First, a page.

• Injured ribs and back – what it feels like (physically and mentally) during the healing process

    Cleaning is dangerous. Three days before Christmas I set out on a mission to clean my office. I like year-end cleaning because business is slow and it is a great way to use my time productively. With my hands full of stuff to throw away, I was walking toward the door with full momentum and caught my toe on the dog bed. Thankfully, Zena was not in the bed at the time. Hindsight tells me I should have moved the bed prior to my enthusiastic cleaning process to remove a trip hazard – but you know what they say about hindsight.

    During the fall, I managed to twist my body so that the frame of the closet door smashed hard into my back  between my spine and scapula. Laying on floor gasping for air, I couldn’t speak for awhile. I had knocked the air out of my lungs and had to wait for normal breathing to return. Del and Zena hovered over me, each in their own way asking, “What happened? Are you okay?”

    No, I’m not okay. That really hurt.

    Having dealt with cracked ribs in a past mountain biking crash, I was pretty sure I had done rib damage along with some muscle and maybe tendon trauma. I didn’t believe I broke a rib or did any internal damage due to my symptoms. The good news is that it could have been worse, the bad news is that I was in a lot of pain.

    In the first week or so, sharp pain at the injury site was triggered by normal activities like bending over, sneezing, coughing, laughing, lifting something off of a shelf, pulling on the dog leash, getting into the car, and sleeping (or lack thereof.) Anyone who has injured ribs know that the pain is intense and can be debilitating. If I can’t do simple human activities like rolling over in bed or picking something up off of the floor, how will I be able to swim, bike outside, run or ski?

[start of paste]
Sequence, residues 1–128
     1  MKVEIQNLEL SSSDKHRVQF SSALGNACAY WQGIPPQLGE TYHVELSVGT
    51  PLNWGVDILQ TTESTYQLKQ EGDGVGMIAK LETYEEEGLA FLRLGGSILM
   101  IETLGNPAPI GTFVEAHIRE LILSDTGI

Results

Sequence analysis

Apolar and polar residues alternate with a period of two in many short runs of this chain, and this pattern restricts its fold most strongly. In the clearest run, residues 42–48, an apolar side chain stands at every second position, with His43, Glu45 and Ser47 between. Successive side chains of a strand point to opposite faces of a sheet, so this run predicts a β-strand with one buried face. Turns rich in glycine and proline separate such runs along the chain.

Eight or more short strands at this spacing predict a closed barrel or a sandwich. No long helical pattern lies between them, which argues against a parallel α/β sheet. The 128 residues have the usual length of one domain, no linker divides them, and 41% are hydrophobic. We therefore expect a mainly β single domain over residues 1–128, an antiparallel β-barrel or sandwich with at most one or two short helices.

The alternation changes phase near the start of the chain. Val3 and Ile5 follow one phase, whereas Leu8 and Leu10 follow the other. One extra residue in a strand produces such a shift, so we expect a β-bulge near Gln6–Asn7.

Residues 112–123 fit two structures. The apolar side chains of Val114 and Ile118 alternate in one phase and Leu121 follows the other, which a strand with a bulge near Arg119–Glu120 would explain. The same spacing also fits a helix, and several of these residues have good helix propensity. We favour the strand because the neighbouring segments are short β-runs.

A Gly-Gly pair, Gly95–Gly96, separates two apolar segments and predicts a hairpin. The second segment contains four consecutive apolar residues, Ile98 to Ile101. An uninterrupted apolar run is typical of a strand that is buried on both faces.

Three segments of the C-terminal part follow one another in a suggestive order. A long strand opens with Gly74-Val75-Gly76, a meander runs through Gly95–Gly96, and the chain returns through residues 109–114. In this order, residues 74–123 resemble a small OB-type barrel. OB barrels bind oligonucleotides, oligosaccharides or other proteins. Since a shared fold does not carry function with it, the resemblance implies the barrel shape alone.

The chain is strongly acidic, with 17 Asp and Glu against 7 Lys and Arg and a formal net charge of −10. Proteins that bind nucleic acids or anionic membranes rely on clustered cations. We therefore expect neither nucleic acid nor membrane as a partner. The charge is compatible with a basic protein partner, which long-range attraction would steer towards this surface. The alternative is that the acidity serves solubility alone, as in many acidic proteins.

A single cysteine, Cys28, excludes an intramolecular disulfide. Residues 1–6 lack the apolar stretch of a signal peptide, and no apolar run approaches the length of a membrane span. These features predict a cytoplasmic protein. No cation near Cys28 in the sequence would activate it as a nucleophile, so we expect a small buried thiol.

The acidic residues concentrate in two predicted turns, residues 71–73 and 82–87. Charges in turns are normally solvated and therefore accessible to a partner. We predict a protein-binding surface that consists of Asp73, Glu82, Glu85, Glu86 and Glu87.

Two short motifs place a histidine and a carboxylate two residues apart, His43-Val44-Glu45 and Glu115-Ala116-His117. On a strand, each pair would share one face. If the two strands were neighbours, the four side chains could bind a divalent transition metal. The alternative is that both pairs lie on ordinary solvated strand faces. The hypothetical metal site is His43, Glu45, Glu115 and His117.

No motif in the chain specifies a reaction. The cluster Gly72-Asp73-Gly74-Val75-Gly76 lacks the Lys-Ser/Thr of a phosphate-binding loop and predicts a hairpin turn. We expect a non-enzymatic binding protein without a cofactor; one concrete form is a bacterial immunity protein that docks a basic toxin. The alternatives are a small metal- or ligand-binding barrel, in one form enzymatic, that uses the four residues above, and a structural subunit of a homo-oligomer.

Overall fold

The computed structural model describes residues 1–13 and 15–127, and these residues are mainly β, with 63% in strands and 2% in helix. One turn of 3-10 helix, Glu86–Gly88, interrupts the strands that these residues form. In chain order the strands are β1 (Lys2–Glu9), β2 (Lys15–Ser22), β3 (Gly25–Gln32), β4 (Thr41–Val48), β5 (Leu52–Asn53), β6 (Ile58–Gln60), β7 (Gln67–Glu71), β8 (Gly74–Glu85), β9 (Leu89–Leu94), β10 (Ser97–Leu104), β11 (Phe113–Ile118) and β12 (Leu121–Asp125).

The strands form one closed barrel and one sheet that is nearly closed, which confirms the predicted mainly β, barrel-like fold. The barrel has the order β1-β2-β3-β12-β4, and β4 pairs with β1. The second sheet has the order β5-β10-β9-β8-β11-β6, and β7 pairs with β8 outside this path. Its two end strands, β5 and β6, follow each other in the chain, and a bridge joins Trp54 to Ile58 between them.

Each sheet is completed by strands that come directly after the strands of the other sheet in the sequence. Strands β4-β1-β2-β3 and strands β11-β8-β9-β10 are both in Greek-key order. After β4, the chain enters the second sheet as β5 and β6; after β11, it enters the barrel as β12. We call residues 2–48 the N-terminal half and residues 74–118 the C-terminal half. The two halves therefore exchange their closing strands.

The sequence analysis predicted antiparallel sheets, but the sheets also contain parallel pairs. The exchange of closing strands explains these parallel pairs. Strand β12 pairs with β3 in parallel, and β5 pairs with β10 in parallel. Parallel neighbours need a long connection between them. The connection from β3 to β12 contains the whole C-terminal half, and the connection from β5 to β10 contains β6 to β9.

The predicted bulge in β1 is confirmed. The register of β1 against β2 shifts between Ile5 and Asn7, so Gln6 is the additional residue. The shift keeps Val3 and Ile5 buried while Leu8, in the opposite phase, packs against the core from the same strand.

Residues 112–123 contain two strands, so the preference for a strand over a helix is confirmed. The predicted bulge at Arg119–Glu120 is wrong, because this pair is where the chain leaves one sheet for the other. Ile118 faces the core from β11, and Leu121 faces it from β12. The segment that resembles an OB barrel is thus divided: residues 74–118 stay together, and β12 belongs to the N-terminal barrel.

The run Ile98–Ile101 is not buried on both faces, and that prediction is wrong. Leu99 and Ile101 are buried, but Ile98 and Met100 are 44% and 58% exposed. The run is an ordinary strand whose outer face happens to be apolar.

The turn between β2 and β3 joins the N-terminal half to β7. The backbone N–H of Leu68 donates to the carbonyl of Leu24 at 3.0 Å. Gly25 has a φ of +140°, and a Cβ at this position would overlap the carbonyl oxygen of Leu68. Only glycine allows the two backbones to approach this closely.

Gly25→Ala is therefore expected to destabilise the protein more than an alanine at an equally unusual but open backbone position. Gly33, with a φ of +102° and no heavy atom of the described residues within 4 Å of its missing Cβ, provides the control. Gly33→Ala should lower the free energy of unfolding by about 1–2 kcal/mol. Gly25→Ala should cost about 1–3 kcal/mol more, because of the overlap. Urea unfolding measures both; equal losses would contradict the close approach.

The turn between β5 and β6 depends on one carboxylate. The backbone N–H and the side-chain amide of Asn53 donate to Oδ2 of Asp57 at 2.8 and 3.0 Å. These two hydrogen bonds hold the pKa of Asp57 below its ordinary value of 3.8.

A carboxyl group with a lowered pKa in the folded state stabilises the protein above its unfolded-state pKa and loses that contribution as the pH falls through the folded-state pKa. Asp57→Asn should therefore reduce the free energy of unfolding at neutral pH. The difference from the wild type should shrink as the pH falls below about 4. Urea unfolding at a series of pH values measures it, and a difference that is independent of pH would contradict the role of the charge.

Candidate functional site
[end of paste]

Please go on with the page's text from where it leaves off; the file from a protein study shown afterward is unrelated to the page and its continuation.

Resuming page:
I need to recover quickly! I want to be back to 100% in a week or so, what can I do to make that happen?

    Early in the injury process, it is important not to do anything to slow healing, or worse make healing  backslide. Most active people (including me) are desperate to speed things up, but even with intervention modalities healing takes time.

    Not what I want to read or hear – even though I know it to be true.

    Normal movements caused me attention-grabbing pain for the first two weeks. Mentally, it is tough to accept the fact that you are hurt and the focus is now on healing, not fun, adventure and normal routine. Healing from injuries like this require mental coaching as well as physical care.

    If you get an injury to the ribs, like most injuries, healing time depends on the severity of the injury. This is just like a laceration wound, but injuries that can be seen easier to understand and justify the healing process. Injuries that cannot be seen make it easy to become impatient.

    For me, the first two weeks were really rough physically and mentally. I was heartbroken to have such a stupid injury. However, that’s why they are called accidents – no one intends to injure themselves doing sport or domestic activities.

    I am happy to report that I’m just over three weeks out from the incident and I’m significantly better. The next blog will cover some of the strategies and intervention modalities I used this time and the basic timeline of progress.

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